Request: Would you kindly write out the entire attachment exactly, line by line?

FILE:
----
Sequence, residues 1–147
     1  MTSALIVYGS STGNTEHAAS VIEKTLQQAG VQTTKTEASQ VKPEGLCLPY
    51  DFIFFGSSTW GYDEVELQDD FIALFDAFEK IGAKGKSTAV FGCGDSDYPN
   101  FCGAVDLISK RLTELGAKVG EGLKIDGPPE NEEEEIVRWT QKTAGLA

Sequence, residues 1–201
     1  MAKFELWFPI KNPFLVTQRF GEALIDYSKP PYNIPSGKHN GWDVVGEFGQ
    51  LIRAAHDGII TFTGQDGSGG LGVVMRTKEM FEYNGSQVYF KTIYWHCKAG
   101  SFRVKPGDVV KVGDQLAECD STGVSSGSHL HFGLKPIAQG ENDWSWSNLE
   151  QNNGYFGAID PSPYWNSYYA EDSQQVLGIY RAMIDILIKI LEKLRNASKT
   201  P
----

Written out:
Sequence, residues 1–147
     1  MTSALIVYGS STGNTEHAAS VIEKTLQQAG VQTTKTEASQ VKPEGLCLPY
    51  DFIFFGSSTW GYDEVELQDD FIALFDAFEK IGAKGKSTAV FGCGDSDYPN
   101  FCGAVDLISK RLTELGAKVG EGLKIDGPPE NEEEEIVRWT QKTAGLA

Sequence, residues 1–201
     1  MAKFELWFPI KNPFLVTQRF GEALIDYSKP PYNIPSGKHN GWDVVGEFGQ
    51  LIRAAHDGII TFTGQDGSGG LGVVMRTKEM FEYNGSQVYF KTIYWHCKAG
   101  SFRVKPGDVV KVGDQLAECD STGVSSGSHL HFGLKPIAQG ENDWSWSNLE
   151  QNNGYFGAID PSPYWNSYYA EDSQQVLGIY RAMIDILIKI LEKLRNASKT
   201  P